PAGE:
Today we call the invention the RSA encryption system, named for its three inventors—Ronald L. Rivest, Adi Shamir, and Leonard M. Adleman. Although it was designed for the purpose of encrypting email, 15 years later RSA was also responsible for the successful commercialization of the internet, because RSA made it easy to transmit credit card numbers securely. And because RSA was the first secure encryption system based purely on the difficulty of an underlying mathematical problem (factoring), it also opened up new lines of research in cryptography and number theory that continue to be fruitful to this day. RSA was the first public-key cryptography system to be widely adopted.
Encryption algorithms use a small block of data, called a key, to encode information so that it cannot be deciphered by someone who intercepts a message as it travels from sender to recipient. With RSA, each key consists of two parts: a public key and a private key. In a typical system, users create their own keys and then publish their public keys in a directory. If someone wants to send you a secret message, that person can go to the directory, get a copy of your public key, and use that key to encrypt the message. When you get the message, you can decrypt it because you have a copy of your private key. But no one else has a copy of your private key, so anyone who intercepts your message will be unable to decipher it.
The RSA algorithm could not be patented outside the US because it had been publicly described before the patent was filed. Nevertheless, it launched an entire industry. In 2002, the invention also earned Rivest, Shamir, and Adleman the Turing Award, regarded by many as computing’s equivalent of the Nobel Prize.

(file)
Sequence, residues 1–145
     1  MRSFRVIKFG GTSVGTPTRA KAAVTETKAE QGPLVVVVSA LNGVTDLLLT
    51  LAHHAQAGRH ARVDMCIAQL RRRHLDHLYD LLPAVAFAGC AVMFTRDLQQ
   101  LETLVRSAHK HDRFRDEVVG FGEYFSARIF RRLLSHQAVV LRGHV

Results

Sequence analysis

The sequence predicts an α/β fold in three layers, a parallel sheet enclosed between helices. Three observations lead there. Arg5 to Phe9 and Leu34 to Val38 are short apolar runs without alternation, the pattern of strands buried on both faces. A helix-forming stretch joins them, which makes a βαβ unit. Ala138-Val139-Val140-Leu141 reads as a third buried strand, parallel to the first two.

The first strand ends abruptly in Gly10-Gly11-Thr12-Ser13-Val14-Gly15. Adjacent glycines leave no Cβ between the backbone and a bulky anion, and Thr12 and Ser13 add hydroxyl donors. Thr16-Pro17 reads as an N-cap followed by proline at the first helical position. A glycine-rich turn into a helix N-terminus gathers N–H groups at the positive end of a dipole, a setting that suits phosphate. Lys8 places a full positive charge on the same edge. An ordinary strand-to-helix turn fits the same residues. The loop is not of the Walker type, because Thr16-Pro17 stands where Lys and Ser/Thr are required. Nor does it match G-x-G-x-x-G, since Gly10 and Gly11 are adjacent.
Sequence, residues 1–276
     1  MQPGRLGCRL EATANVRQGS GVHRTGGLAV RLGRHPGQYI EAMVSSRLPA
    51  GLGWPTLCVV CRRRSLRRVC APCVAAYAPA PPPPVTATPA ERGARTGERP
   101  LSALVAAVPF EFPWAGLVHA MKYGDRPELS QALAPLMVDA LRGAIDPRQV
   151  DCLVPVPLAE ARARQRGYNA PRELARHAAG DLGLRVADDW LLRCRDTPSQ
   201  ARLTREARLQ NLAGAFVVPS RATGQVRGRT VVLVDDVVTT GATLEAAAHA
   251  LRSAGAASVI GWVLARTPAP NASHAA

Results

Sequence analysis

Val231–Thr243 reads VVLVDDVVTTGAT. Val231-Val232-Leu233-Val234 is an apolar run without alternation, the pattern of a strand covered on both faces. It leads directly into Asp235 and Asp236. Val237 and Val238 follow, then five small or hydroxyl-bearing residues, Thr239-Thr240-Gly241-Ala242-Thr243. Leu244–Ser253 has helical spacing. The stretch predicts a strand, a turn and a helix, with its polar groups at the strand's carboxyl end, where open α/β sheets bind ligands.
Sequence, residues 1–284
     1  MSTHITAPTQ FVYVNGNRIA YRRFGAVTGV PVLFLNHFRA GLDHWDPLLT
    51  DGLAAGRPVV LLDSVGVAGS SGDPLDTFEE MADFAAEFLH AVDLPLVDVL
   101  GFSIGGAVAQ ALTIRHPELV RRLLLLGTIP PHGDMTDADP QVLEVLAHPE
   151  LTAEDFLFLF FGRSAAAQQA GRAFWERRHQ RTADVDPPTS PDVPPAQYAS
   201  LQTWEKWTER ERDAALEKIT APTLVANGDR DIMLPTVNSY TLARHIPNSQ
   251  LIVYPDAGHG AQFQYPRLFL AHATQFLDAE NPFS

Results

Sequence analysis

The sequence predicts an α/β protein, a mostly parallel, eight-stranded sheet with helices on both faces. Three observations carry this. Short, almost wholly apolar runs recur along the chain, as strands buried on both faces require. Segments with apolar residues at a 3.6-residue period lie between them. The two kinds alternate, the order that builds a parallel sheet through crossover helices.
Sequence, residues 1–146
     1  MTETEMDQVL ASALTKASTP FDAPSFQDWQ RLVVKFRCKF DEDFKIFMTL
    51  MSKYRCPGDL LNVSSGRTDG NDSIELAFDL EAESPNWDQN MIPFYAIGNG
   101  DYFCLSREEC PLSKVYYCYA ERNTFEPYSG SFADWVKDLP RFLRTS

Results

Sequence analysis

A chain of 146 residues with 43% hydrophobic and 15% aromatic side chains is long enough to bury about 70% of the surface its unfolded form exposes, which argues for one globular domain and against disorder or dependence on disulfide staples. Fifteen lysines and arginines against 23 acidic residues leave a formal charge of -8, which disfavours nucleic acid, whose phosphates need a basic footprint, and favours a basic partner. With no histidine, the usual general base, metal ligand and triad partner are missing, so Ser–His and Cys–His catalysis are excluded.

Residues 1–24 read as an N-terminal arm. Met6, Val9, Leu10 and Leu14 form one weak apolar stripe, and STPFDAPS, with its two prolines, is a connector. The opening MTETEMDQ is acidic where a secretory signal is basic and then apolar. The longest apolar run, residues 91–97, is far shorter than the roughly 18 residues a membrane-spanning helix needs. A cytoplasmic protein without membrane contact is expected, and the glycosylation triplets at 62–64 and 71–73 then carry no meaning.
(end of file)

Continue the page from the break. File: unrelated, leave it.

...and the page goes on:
Three-Dimensional Printing Techniques
December 8, 1989
April 20, 1993 (3 years, 4 months, 12 days)
Emanuel M. Sachs ’75, SM ’76, PhD ’83, John S. Haggerty, Michael J. Cima, Paul A. Williams, SM ’90
The core idea of 3D printing—often called additive manufacturing—is to build some kind of solid by accreting material in three dimensions according to a plan. It creates objects by adding material to a substrate, rather than starting with a large block of material and cutting it away. Today, 3D printing is used to create otherwise unavailable replacement parts for appliances and cars, and to manufacture implanted medical devices. Companies are experimenting with 3D-printed houses and 3D-printed wind turbines.
The roots of 3D printing go back to 1945, but the field took off in the 1980s with the development of three distinctly different approaches. Chuck Hull invented stereolithography,a technique that used a steerable ultraviolet light to selectively harden a liquid polymer. Hull printed his first object in 1983, filed for his patent in 1984, and created 3D Systems, the first 3D-printing company, in 1986. Another approach, called fused deposition modeling, forces a filament through a device that heats and extrudes the material. That’s the technology used by low-cost 3D printers popular in the maker movement.
The MIT approach, developed by mechanical engineering professor Emanuel Sachs, uses ink-jet printing technology to selectively spray a binder into a tub of fine powder. The printing head scans back and forth through the powder, depositing the binder and slowly moving up. Then the powder is removed, leaving the completed object, which can be made from a wide variety of materials, including metal. This is the approach that Sachs named 3D printing. The technology was licensed in 1994 to Z Corporation, a startup founded by Marina Hatsopoulos, SM ’93, Walter Bornhorst, SM ’64, PhD ’66, James Bredt ’82, SM ’87, PhD ’95, and Tim Anderson. Z Corp. was acquired by 3D Systems in 2012 for $135.5 million.
Today, 3D printing is commonly used for prototyping, art, and small-batch production. The US military is exploring the use of 3D printing to make replacement parts in the field. NASA sent a 3D printer to the International Space Station. It is now used to create dental implants and crowns, and research is being done on using human stem cells to 3D-print replacement organs.
(For other 3D printing patents by MIT researchers, see this list.)
Methods and Apparatus for Motion Estimation in Motion Picture Processing
April 3, 1987
June 13, 1989 (2 years 2 months 10 days)
Dennis M. Martinez and Jae S. Lim ’74